Everyone knows the age-old mantra that “practice makes perfect,” but given my experience as a high school tennis coach, I believe this statement is not always the most accurate. Instead, I think a more realistic statement is “practice makes permanent.” You can practice over and over again, but if you are not practicing the right way, you can end up emphasizing bad habits and creating difficult patterns to break. Practicing using the wrong form can be even more detrimental than not practicing at all.
Don’t get me wrong – practice is absolutely important. In his book, Outliers: The Story of Success, Malcolm Gladwell says that in order to become an expert at something, you must spend 10,000 hours practicing it. Once you’ve reached that number, you have achieved true mastery of your craft. The key is to practice your craft the right way. Practicing a presentation is one of the most important steps in preparing for the stage. But just practicing once in front of mirror is not enough; you need repetition and coaching to guarantee a home run on the big day.
We’ve developed a 3-step process that will guarantee you are prepared when you step in front of your audience.
Read your manuscript.
The first step in practicing for your presentation starts by taking time to read through your manuscript. This may seem like a simple step, but it’s crucial to your success. Taking time to read your manuscript out loud allows you to catch any awkward sections of your content that seemed to flow in your head but now seem clunky when spoken out loud. Use this final read through as a chance to rearrange where needed, clarify where confused, and cut when justified.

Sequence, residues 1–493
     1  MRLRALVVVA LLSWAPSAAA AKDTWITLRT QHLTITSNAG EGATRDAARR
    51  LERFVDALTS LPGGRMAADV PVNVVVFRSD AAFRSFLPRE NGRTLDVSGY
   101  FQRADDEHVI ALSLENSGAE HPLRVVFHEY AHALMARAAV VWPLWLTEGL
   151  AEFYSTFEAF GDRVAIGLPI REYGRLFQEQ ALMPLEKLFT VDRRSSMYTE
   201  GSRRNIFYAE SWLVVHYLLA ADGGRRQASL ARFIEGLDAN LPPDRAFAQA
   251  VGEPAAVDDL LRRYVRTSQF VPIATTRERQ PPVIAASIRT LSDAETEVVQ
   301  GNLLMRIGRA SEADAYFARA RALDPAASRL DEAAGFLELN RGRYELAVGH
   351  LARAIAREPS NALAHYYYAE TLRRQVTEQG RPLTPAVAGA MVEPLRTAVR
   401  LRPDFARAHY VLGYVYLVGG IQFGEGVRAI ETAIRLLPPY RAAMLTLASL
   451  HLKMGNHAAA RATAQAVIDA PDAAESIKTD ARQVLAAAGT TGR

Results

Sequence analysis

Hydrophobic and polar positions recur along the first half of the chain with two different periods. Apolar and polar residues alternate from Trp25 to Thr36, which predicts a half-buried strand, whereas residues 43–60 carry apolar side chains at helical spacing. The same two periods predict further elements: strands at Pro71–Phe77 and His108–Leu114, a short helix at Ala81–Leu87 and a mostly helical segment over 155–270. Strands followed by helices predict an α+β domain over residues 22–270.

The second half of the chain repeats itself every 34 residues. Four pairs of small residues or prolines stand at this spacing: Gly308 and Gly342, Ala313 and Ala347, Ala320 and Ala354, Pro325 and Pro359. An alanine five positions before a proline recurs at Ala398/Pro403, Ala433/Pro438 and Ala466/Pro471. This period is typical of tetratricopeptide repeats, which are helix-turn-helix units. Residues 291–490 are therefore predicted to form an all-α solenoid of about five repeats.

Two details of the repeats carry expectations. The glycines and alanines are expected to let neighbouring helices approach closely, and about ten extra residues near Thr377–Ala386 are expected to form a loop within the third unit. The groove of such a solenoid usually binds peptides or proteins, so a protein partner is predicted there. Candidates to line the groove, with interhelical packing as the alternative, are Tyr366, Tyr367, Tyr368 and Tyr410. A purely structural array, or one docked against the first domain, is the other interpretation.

Deliver to yourself.
This step might feel awkward to some, but delivering your content in front of a mirror or video is a valuable way to see the visual distractions that you may be creating unintentionally. Often, we become accustomed to the distracting movements we make with our body so that we no longer recognize certain gestures or mannerisms we have. Much like the constant drone of a plane eventually fades to the background, the constant view of our body language eventually just becomes normal to us. This step will help you identify the nervous ticks you have which will raise your level of awareness on presentation day.
Practice in front of a coach.
Coaches help us to see the things we often miss ourselves. In this step, you have the opportunity to receive valuable feedback that you might not otherwise get from your audience. This feedback can help you to modify your presentation before it ever goes on display. Think of this as the final edit before a book goes to publish. As presenters, we must be open to outside feedback if we want to continue to grow. Many times, we become so close to our presentations that we need an objective set of eyes to let us know where things are missing the mark. It’s important to note that you don’t want to let just anyone be your coach. Make sure you ask a trusted friend or advisor who you know will be honest and give you usable, constructive feedback.
If practice makes permanent, then perfect practice makes perfect. So, take the time to practice well. Don’t think that your content will carry itself and that you are too busy to put in the practice time. Even the most elite athletes in the world still put in hours of training to perfect the fundamentals. The same is true in your presentation skills – it may be a little uncomfortable or time consuming, but being intentional and dedicated will make you an expert at your craft.
The team at Ethos3 would love to help you develop and deliver the best presentation possible. Contact us today to find out how.
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